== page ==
It’s not difficult to see why that is. Look at the National political stage and how ideas get debated. Money, abuse and fear obviously speak louder than rationality, facts and common sense.

So here we are waiting on a gesture of goodwill, almost begging for charity on a plan that, if anything, would support the City’s targets for growth, job and housing…


But ultimately, the biggest concern is that it is holding back other opportunities. Without an established updated plan, City departments don’t have an accurate point of reference when they plan future capital development.

The Office of Planning and Community Development needs to understand the neighborhood’s aspirations before they can lay the framework to support that vision through new zoning and policies.

Seattle Metro needs to understand the challenges caused by a bus layover location and the opportunities to better connect patrons to mass transit like light rail.

Seattle Housing Authority and Sound Transit need to understand the role they can play in developing the land they own in specific locations, like near a train station.

In the context of the Seattle Comprehensive Plan Update, omitting a whole neighborhood’s plan and call for economic development simply doesn’t make sense.

Last spring, the Urban Land Institute, a professional organization comprising urban planners, architects and developers, came to the Beach to make an assessment and recommendations to the Mayor about the state of Rainier Beach. They came up with a surprisingly candid report, considering most of them had never set foot in the neighborhood before. Here are 3 take-aways among many from their visit:

  1. Rainier Beach is integral to the success of the Mayor’s Equity agenda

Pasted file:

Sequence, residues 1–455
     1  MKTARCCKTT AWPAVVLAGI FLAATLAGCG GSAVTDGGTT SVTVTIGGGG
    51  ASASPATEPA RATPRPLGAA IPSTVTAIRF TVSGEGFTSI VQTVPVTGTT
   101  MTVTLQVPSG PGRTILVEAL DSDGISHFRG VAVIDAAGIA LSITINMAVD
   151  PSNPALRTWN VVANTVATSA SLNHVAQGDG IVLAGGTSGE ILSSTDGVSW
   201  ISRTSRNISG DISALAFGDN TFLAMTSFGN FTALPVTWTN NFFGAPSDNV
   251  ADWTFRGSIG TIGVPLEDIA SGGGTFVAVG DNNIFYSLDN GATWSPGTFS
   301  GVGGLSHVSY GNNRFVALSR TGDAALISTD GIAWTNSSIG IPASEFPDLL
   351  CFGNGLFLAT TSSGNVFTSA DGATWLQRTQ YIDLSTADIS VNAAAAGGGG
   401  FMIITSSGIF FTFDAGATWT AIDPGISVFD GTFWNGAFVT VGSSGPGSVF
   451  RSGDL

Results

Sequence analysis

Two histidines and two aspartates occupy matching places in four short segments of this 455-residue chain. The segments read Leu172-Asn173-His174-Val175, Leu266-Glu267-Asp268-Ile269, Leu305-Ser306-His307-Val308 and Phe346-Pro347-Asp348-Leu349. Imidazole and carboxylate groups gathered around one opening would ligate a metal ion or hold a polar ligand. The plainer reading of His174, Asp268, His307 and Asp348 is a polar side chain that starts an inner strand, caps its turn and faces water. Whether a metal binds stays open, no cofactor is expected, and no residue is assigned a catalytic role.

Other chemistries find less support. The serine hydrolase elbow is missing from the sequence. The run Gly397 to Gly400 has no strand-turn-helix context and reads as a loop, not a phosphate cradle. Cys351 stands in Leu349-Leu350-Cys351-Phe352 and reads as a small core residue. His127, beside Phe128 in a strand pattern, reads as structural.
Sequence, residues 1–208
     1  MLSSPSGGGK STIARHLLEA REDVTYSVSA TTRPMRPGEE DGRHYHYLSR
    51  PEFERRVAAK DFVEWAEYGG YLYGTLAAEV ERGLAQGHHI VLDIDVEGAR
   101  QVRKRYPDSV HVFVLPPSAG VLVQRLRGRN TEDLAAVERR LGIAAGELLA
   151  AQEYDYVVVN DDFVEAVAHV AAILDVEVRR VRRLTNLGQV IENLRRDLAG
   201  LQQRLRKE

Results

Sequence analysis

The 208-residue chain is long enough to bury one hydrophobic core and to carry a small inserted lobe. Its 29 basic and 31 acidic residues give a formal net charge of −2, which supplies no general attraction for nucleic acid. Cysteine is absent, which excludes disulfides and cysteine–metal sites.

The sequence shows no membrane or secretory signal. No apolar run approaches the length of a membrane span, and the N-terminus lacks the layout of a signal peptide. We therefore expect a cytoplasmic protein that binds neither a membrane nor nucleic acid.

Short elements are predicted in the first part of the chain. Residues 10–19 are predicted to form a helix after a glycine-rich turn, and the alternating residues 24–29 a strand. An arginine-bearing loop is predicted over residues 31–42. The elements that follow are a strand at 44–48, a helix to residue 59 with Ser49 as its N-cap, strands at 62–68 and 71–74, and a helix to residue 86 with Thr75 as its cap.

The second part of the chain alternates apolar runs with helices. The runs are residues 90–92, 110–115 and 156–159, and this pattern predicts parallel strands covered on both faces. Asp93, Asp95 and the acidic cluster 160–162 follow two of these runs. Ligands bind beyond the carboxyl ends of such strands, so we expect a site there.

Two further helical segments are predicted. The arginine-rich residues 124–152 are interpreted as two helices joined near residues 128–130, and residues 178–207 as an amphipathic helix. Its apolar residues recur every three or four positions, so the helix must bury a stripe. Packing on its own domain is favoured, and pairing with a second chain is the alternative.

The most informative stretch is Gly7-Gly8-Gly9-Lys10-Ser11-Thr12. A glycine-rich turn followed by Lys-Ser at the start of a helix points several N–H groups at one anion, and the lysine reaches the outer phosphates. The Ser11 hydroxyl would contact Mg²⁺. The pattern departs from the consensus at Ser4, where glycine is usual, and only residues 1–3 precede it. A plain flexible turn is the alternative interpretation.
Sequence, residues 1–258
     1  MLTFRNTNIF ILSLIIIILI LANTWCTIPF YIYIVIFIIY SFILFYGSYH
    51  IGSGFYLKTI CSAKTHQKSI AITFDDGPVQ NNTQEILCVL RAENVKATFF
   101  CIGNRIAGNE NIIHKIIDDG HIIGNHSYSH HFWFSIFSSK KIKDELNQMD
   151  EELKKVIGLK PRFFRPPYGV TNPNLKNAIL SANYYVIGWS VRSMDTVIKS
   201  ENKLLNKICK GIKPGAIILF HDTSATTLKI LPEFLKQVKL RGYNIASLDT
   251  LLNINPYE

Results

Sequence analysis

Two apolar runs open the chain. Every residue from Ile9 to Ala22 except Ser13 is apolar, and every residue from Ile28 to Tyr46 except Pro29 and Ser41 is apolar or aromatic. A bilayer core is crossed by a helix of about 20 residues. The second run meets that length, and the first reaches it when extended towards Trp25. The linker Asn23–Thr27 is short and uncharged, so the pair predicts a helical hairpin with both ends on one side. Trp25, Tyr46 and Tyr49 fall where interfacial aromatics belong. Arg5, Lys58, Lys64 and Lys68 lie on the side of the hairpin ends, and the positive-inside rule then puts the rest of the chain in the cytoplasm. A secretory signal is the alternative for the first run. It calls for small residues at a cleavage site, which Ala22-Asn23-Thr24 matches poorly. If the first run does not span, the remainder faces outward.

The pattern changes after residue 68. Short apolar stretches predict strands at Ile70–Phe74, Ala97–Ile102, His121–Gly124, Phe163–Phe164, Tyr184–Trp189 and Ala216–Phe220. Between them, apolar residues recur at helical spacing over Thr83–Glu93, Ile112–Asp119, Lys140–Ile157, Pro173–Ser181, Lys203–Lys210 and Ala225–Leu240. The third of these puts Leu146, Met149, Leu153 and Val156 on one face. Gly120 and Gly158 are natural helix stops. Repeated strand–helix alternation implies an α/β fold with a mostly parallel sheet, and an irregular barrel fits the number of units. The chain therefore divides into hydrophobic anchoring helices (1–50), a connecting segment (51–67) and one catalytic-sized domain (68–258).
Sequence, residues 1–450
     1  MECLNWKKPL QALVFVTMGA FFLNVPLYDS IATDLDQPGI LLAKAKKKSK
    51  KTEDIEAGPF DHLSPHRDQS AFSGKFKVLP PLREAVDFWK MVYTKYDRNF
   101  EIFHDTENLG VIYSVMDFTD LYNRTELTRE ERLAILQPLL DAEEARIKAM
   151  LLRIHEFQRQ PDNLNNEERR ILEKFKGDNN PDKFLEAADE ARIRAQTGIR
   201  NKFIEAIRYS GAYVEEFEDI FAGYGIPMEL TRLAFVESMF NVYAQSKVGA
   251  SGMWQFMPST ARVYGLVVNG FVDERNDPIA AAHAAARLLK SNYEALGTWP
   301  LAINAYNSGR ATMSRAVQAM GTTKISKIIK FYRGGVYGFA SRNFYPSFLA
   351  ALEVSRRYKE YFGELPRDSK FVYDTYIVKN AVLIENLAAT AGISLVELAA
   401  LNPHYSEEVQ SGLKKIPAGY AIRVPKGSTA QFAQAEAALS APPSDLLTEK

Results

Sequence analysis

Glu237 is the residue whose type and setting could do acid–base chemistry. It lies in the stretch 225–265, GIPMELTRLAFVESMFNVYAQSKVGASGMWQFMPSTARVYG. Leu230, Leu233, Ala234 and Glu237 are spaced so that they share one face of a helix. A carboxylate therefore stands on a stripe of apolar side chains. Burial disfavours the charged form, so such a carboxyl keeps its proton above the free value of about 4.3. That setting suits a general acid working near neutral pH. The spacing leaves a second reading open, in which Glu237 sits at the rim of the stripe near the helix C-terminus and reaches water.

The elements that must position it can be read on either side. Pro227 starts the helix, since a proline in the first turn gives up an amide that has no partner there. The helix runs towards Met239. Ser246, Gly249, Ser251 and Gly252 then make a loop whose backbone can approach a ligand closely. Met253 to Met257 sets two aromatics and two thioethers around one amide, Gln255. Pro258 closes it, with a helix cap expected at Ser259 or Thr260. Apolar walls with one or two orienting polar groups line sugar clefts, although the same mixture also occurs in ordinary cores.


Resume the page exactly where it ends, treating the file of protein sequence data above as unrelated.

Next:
2. A sustainable community plan needs to be established before implementation can take place
  3. The City should invest in a Neighborhood Office staffed by residents (slide #56)


The full report presentation report can be found here:


The video of the presentation here:


And a very good summary from Crosscut here:


Another relevant example of the urgency to get the City to commit is the application to the “Promise Zone”. Several years ago, the Obama administration launched a program that would support 20 communities in the country around issues Housing, Education and Economic Development. Every year for 5 years, 4 out of the 33 eligible neighborhoods would be receiving the “Promise Zone” designation.

Rainier Beach qualifies because it was, in 2013, the beneficiary of the Byrne Criminal Justice Innovation grant, that has allowed programs such as Safe Passage and Corner Greeters to be implemented in 2015 and lead to a staggering 30% of overall crime reduction.

The City unsuccessfully applied a first time in 2013. It made another couple of attempts in 2014 and 2016 but ultimately decided not to go through with the application. 2017 is the final year for Rainier Beach to try out for a chance of potential tax breaks and technical assistance, and eventually a designation that would put the neighborhood on the map at a National and Regional level.

In the meantime, businesses are struggling and closing their doors because the residential character of the area doesn’t support retail like denser parts of the city do. Unemployment is twice the rate of the city as a whole. And highly achieving high school graduates have no clear path to jobs because they lack access to secondary education.

So the question lingers: “Where’s the plan?”

David Sauvion is a Rainier Beach resident and co-chair of Rainier Beach Action Coalition. As an architect, he also serves on the Southeast Design Review Board.